You could also file this under community, stupid.

Early on, the goal was learning how to teach. Over the course of the last school year I realized it's time to start paying attention to who I teach.

It starts slowly. A kid tells you their favorite video game. They tell you about the GameBoy they owned when they were younger. You talk about the one you owned at the same time when you weren't as young. A class who laughs at how quaint and ancient the 90s were. One tells you about a hobby they think is embarrassing. Another is going to be the first in the family to graduate high school. The first admitted to college. The first to graduate college. Next they want to know what college is like. Can I actually do it? It sounds so hard. My sister tried to go to college and had to drop out. Mister, by the way, how do you get a driver's license?

A kid tells you how many siblings they have. You find out what their parents do for a living. Another mentions their parents divorce. A parent is deceased. A parent went to jail. They've been in jail. Adopted. Abandoned. Undocumented. Almost pregnant. Pregnant. Gay. Self-harming. Abused. Hospitalized.

Hundreds of them. All of them sharing very personal things with you. All of them assigning some minor or major role in their life to you. Some are just students who had a good time. Others needing you to fill in as a father figure. Most well-adjusted, happy teenagers. Many with major life events that changed them markedly. Many more with common struggles but completely different outcomes. Seniors from years ago who not only graduated college but claim you as their inspiration. One delivers office passes in April. In June you're at the funeral.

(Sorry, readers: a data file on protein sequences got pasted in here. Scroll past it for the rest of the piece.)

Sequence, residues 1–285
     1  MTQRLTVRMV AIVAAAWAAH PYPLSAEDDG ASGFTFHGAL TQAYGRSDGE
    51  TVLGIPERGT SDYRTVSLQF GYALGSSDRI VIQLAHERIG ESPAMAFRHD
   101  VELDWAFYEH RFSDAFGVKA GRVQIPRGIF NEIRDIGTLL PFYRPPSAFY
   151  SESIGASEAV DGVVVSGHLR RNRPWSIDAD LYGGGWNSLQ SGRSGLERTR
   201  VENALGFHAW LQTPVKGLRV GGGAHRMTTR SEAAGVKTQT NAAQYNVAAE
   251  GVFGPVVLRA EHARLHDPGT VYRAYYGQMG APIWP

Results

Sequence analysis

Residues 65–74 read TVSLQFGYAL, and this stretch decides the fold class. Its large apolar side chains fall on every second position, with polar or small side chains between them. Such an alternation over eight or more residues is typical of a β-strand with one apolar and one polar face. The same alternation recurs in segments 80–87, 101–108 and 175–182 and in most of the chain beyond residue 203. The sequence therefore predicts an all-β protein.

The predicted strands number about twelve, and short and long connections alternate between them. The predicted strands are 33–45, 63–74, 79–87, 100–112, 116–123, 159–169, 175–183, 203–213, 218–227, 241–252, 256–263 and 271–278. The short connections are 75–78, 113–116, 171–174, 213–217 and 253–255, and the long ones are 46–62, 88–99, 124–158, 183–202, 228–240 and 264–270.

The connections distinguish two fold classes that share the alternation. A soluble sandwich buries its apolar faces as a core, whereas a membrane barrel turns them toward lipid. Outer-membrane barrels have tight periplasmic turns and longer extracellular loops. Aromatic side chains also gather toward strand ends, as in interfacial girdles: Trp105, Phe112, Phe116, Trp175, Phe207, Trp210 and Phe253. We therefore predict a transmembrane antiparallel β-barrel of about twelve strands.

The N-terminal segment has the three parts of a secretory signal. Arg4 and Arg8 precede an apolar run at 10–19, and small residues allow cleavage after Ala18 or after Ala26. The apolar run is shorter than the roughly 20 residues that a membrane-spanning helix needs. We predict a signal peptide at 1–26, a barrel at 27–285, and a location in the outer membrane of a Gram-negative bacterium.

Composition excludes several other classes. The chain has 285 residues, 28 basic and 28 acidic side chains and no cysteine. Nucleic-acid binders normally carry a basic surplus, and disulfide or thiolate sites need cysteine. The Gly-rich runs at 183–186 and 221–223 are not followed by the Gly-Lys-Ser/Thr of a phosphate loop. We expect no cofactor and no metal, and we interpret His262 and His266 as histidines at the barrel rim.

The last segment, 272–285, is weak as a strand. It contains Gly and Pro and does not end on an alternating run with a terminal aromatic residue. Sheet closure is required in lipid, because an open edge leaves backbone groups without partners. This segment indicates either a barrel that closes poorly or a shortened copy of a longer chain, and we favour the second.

This is supposed to be a job? It's just work?

This human aspect is just so hard to convey to the people I know in other work environments. The scale is just so different. My previous job involved juggling the needs of like, 5 people. Now it's 300.

Effectively transferring math content to these kids is an amazing part of my day. Kids constantly impress me with their cleverness and eagerness to figure out what's going on. My number goal is to make our time together their favorite part of the day. In the varied classes I've taught, it was incredibly rare to find a kid who lacked a desire to learn something from me, math or otherwise.

I will always love teaching them math. But what has improved that the most is learning more about my students as people. Summer Camp is only marginally about the content. It's about furthering the relationships.  It is very hard some days to deal with the hard truth they drop in these conversations. At the same time a kid tells you how much they appreciate your advice, or the letter of recommendation, or the extra time for a project and it makes your week. It puts pressure on me to do right by them. To be prepared. To have something worthwhile to share and respect their time. I will gladly invest the time planning and grading if it means continuing to have a positive experience together.

AuthorJonathan Claydon